However Confucianism was never completely denied like in China at the beginning of the twentieth century or under Mao Tse-toung. Korea is even known to have maintained a continuation of the Confucian scholarship. Due to historical events, scientific studies restarted late in the 1960s but they are getting a new momentum. A generation of young Korean Confucian scholars came out of Sônggyun’gwan and presently publishes and teaches on Confucian values.
Korean Confucianism needs to be reevaluated within the global context. Cooperation between Asian and American scholars symbolized by the relation between de Bary and Wing-tsit Chan has allowed Western scholars and public to discover the importance of Chinese Confucianism and Neo-Confucianism. Confucianism did not develop a hierarchical religion or did not elaborate a theology and yet it kept high values and spirituality. This is attractive to people who are disenchanted with rigid religious institutions and by religious conflicts.
Confucianism has always emphasized harmony, peace, and caring relations with people. Such a fundamental attitude allowed Tasan to exchange freely with the Buddhist monk Ch’oûi, sharing on philosophy, poetry and practical issues like planting tea trees. The two were blind to narrow-minded points of views.
Confucianism has a great sense of nature and of the environment perceiving man in unity with the whole reality. At a time of formidable ecological problems, the encounter with great minds as Yulgok or Tasan would raise the level of awareness and responsibility in protecting the universe.
It is up to the Koreans to give a future to Korean Confucianism. Some young Korean philosophers are conscious of the issue. Haechang Choung of the Academy of Korean Studies is looking for a new creativity in Korean Philosophy:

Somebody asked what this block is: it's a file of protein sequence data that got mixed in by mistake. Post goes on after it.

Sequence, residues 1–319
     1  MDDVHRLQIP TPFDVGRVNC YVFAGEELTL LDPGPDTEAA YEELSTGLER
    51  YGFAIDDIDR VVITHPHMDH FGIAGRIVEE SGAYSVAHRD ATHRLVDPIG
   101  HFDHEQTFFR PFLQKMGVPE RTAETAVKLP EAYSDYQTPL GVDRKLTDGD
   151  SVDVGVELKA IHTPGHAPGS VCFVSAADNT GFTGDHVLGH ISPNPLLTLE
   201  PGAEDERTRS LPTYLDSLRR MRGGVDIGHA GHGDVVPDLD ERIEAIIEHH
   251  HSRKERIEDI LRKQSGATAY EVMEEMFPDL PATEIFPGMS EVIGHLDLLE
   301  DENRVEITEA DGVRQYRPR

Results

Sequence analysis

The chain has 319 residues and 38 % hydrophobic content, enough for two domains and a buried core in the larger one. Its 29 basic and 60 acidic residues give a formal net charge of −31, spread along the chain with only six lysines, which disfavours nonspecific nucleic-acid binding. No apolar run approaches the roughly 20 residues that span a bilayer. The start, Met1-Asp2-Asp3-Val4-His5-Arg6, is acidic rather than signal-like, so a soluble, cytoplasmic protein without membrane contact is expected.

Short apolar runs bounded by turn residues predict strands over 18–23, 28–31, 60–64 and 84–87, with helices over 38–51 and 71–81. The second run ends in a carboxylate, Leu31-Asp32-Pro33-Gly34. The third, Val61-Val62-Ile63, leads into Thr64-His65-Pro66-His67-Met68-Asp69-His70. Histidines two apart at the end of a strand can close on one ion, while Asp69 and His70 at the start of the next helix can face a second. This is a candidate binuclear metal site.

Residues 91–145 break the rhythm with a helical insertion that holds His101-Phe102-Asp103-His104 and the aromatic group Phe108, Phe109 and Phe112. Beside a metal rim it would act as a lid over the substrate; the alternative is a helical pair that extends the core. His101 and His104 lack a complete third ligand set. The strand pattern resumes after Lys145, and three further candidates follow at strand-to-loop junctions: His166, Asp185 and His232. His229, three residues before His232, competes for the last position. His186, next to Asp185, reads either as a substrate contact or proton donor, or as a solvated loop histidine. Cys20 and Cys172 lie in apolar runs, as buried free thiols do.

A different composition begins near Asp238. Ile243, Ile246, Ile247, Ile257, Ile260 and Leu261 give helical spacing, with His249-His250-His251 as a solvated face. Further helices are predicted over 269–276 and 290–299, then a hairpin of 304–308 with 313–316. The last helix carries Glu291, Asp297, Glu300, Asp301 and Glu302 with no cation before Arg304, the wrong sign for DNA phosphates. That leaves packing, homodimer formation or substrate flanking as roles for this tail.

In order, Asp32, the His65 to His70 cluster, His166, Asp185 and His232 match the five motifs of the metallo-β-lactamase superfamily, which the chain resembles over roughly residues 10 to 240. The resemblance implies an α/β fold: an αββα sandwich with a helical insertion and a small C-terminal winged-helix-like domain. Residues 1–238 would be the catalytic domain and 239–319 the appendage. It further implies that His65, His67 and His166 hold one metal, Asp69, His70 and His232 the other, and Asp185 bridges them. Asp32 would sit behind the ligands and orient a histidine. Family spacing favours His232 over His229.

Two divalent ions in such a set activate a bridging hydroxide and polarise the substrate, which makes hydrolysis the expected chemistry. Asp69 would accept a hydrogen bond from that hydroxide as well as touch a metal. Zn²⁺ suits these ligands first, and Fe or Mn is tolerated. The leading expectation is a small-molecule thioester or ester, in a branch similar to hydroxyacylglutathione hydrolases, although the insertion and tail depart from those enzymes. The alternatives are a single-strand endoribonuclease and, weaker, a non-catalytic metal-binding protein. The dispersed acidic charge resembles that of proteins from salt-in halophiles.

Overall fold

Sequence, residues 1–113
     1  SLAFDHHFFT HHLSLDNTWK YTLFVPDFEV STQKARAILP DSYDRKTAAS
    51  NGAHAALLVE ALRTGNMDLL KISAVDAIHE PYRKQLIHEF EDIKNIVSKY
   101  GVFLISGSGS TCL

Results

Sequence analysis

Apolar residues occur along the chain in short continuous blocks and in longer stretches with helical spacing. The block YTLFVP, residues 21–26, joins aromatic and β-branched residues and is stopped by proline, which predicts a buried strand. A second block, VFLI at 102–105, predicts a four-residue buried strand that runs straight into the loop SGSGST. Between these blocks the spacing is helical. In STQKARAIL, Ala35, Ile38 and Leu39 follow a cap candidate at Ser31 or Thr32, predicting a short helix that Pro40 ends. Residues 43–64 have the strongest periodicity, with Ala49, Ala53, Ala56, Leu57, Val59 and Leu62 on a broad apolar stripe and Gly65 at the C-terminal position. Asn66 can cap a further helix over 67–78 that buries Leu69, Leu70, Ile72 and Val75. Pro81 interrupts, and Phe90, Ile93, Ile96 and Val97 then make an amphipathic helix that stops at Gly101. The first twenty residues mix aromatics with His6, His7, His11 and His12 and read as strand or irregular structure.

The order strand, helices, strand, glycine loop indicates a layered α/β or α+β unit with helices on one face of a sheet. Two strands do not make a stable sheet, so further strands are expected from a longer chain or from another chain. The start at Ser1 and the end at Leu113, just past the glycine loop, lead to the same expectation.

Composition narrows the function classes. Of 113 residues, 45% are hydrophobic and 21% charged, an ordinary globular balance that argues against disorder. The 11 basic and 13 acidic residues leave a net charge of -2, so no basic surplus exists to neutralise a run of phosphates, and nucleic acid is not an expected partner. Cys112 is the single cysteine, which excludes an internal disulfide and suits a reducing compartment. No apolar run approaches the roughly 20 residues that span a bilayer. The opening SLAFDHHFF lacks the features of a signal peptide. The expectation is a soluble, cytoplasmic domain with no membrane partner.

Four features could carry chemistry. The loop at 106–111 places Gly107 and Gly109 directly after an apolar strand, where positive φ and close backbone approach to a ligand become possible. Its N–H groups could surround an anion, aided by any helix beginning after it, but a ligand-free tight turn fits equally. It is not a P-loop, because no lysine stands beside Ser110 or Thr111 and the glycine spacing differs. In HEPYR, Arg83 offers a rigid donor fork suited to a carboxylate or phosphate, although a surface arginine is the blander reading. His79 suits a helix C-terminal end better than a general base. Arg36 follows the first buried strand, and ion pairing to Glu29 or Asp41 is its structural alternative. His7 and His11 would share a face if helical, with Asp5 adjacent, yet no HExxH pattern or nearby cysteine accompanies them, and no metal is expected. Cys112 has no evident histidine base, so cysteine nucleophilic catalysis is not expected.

- “Can we have another shirak, a Korean pragmatism, at the beginning of the 21st century? What can we inherit or disinherit from shirak? This will be our task in order to have a philosophical turn which will open a new horizon for Korean philosophy in the 21st century.”
Although Korea looks westernized and even Americanized in many ways, Koreans are internally searching for their own self as it was illustrated by the theme of the 2000 Seoul academic conference: “Korean identity in the new millennium.” Behind the surface a deep Asian mind remains hidden.
Koreans thinkers have researched so much the issues of the mind in Confucianism and Buddhism that these treasures have become part of them. The self-education, the adequateness of emotions, the beauty of true rites, the cleansing of the heart or the strength and sincerity of the will have been dearly valued during centuries and could contribute today to balance the fast modernization, the inclination for materialism and the spreading of a superficial culture.
- Korean culture
- Article 809 of the Korean Civil Code
- Korean Buddhism
- Korean Daoism
- List of Korea-related topics
- ↑ (From Koryô sa 93:15b-19b quoted in: Peter Lee and Theodore de Bary (eds.), Sources of Korean Tradition, (Columbia University Press. ISBN 9780231105675), 167
- ↑ Haechang Choung, 1999, The philosophical turn and creative progress in Korean philosophy The Review of Korean Studies. (2)
- De Bary, William Theodore, and JaHyun Kim Haboush. 1985. The Rise of Neo-Confucianism in Korea. Neo-Confucian studies. New York: Columbia University Press. ISBN 9780231060523
- Kang, Jae-eun, and Suzanne Lee. 2006. The land of scholars: two thousand years of Korean Confucianism. Paramus, N.J.: Homa & Sekey Books. ISBN 9781931907309
- Kim, Kwang. 1966. The failure of readaptation of Korean Confucianism: the school of practical learning. Thesis (M.A.)—Northern Illinois University, 1966. OCLC: 21466557
- Kook, Lew Seung. 1970. Confucianism and Korean social structure. [Korea: L.S. Kook. OCLC: 62782675
- Kŭm, Chang-tʻae. 2000. Confucianism and Korean thoughts. Seoul, Korea: Jimoondang Pub. Co. ISBN 9788988095102
- Lee, Peter H., and William Theodore De Bary. 1997. Sources of Korean tradition. Introduction to Asian civilizations. New York: Columbia University Press. ISBN 9780231105668
- Yunesŭkʻo Hanʼguk Wiwŏnhoe. 2004. Korean philosophy: its tradition and modern transformation. Anthology of Korean studies. 6. Elizabeth, NJ: Hollym. ISBN 1565911784
All links retrieved July 29, 2013.
- Asia-Pacific Connections: Korean Confucianism.
- CONFUCIANISM AND ITS IMPACT ON KOREAN CULTURE: A SHORT DISCUSSION.
- Confucianism in Korea.